- Title: Genshin Impact
- Platform: Microsoft Windows; also available on Android, iOS, PlayStation 4, and PlayStation 5
- Played: Adventurer Rank 56 | All story missions and standard side quests as of Version 1.6 completed | Spiral Abyss Floor 10-3 | Maxed Exploration and Reputation in Mondstadt and Liyue | Housing Trust Rank 8 | 277 Achievements Unlocked | Far too much real money spent
One of the biggest Free-to-Play titles in the past year, Genshin Impact is an open-world RPG developed and published by miHoYo. Before Genshin, you might’ve known them for their cult action RPG title, Honkai Impact 3rd. If you follow me on Twitter, you may have noticed that I’ve been playing a lot of Genshin Impact. A lot. It’s a game that I’ve sunk in a ton of hours (and dollars) into since it launched. I dig it even when it frankly frustrates me at times. Being a live service, Genshin is periodically evolving with new updates. Therefore, my opinion of the game is evolving with it. However, with the game now in its second cycle of updates, I think now is a good time to reflect on the first cycle and share my thoughts on the game for the time being.
I. Does Anyone Remember the Unknown God? I Barely Do.
Genshin Impact tells the story of twin siblings who travel around the universe, visiting various worlds. Following a brief fight with an Unknown God (Christie Cate), the twins are separated from each other. The sibling that you choose to take control of, referred to as the “Traveler” (Zach Aguilar/Sarah Miller-Crews), now finds themselves stripped of their powers and stranded in the fantasy world of Teyvat. Alongside their new companion Paimon (Corina Boettger), the Traveler sets off on a journey throughout Teyvat in search of their sibling. In the process, they become involved in the affairs of Teyvat’s seven nations and their deities, collectively called the Archons, as well as encounter a mysterious and dangerous factions called the Fatui and the Abyss Order. Currently, the game includes the full prologue and first chapter, respectively set in the nations of Mondstadt and Liyue. Versions 1.6 and 2.0 begins the second chapter, set in the nation of Inazuma.
I’ll admit that I’m not the biggest fan of the main story. There are a couple of pet peeves that I have with it. The setup does require a lot of suspension of disbelief; you’re simply expected to buy into the fact that you play as an interstellar teenager with an equally nebulous mascot character. A number of characters do border on archetypical. Exposition and flavor text are often too relied upon to tell the story. Past all that however, some threads do grab your attention such as the current political and cultural climate of each of Teyvat’s nations, the history and ideals of their respective Archons, an overarching scheme concocted by the Fatui’s Archon, and the Abyss Order’s origins and connection to the Traveler.
The biggest weakness however is how slowly the story has been moving. Since Genshin is still early in its story and the whole picture is still in development, it’s going to be a long while before any of the game’s plot threads make significant progress, let alone be resolved. While exactly all the different threads connect is also left pretty vague. As a result, the main story feels incredibly aimless. I’m intrigued but I also don’t have any sense of where the story is heading towards and that does make me feel a little disconnected.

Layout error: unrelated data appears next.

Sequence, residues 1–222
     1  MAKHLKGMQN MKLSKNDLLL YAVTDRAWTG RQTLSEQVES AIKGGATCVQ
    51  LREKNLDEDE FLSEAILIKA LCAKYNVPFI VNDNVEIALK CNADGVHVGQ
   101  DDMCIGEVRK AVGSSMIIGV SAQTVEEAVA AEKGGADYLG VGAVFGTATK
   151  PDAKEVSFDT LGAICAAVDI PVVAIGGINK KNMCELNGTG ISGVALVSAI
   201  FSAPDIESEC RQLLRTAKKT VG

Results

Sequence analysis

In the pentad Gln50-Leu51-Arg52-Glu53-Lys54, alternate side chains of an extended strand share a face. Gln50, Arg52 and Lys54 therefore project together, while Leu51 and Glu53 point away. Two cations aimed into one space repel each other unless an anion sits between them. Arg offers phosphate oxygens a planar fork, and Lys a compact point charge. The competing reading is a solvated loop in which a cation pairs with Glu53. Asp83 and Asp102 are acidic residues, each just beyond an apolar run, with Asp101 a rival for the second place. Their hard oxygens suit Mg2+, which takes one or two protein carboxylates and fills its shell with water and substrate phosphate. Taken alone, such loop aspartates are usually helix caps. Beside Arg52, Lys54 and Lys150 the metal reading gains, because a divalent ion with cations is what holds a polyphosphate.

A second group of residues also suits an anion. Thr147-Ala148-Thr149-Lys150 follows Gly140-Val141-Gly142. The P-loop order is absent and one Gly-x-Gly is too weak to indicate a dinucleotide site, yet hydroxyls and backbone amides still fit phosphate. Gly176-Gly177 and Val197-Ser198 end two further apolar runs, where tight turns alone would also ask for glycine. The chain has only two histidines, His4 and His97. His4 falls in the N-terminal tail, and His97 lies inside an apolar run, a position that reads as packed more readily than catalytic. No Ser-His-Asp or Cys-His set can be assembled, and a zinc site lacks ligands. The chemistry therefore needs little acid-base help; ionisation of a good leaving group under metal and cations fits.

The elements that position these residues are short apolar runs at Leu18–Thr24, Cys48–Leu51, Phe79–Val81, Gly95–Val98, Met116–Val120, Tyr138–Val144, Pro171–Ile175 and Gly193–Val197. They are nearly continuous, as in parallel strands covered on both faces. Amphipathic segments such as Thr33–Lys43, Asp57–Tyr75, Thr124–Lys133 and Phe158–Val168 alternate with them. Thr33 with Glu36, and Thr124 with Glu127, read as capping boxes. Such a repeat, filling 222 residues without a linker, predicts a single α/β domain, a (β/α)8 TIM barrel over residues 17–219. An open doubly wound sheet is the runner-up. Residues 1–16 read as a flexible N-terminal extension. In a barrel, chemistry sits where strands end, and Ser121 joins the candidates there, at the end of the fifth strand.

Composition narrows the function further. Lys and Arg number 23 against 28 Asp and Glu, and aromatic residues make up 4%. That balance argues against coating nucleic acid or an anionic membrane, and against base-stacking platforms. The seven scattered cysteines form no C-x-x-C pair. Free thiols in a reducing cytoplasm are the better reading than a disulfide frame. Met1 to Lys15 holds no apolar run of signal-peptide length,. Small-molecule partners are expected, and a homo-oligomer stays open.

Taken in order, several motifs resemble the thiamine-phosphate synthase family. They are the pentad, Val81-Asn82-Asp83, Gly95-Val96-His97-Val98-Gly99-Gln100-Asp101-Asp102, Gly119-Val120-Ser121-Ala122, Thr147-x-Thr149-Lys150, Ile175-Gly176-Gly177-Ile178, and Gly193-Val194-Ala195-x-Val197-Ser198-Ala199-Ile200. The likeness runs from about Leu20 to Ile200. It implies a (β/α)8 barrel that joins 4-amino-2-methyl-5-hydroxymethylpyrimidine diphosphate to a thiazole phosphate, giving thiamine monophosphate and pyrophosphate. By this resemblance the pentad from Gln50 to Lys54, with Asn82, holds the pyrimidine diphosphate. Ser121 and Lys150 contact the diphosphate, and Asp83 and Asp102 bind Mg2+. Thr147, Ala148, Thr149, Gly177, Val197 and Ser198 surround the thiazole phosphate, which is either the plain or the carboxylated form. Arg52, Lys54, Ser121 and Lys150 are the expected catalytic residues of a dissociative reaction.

For me, Genshin‘s narrative fares better in more self-contained situations. Each chapter in the main story has a conflict of its own set in the nation it respectively takes place in. The prologue involves the corruption of Mondstadt’s dragon guardian. The first chapter deals with the aftermath of the sudden death of Liyue’s Archon. There’s a beginning, middle, and end to each of these conflicts as well a distinct cast of characters, creating a mini-arc that can tide the player over until more is revealed regarding the more overarching plot threads. Also enjoyable are side stories centered one of the game’s increasing roster of playable characters. These don’t necessarily have a strong bearing on the grander scheme of things but they do expand on the starring character’s personality, giving them increased depth and/or charm.
Every patch since launch typically has a main event with a quest line to accompany it. To be frank, I consider these quests to be among the weakest of Genshin‘s story content. The first quest line, “Unreconciled Stars” is maybe the only exception. That felt like a mini-arc akin to a main story chapter, with its own plot and cast of characters. It even established a potentially huge bit of lore and introduced a new member of the antagonistic Fatui. Subsequent quest lines kind of follow this structure but they’ve grown increasingly more inconsequential every patch, to the point that they’re entirely forgettable experiences. My theory is that miHoYo might’ve realized it’s a bit unfair for players joining after “Unreconciled Stars” to miss out on potentially relevant plot details and thus, subsequent events aren’t as heavy on story. That’s understandable if that’s the case…I’m still bored however.
Version 1.4 introduces a separate type of quest called Hangout Events. These differentiate from the regular story quests in that they take a more visual novel inspired approach, complete with dialogue trees and multiple endings. The tone is considerably more down to earth and characters starring in these characters are ones that either have not appeared in the main story or only play a small role in it. Like with the regular story quests, getting to know more of Genshin‘s characters is always a plus and the more lighthearted tone is often times funny and charming. That said, I remain unconvinced that the visual novel approach is entirely necessary. The various paths and endings of a given Hangout Event tend to blur either in terms of plot or theme. You are encouraged to see all of them for rewards but the task of doing is pretty tedious, even with the convenience of returning to previous diverging points of dialogue.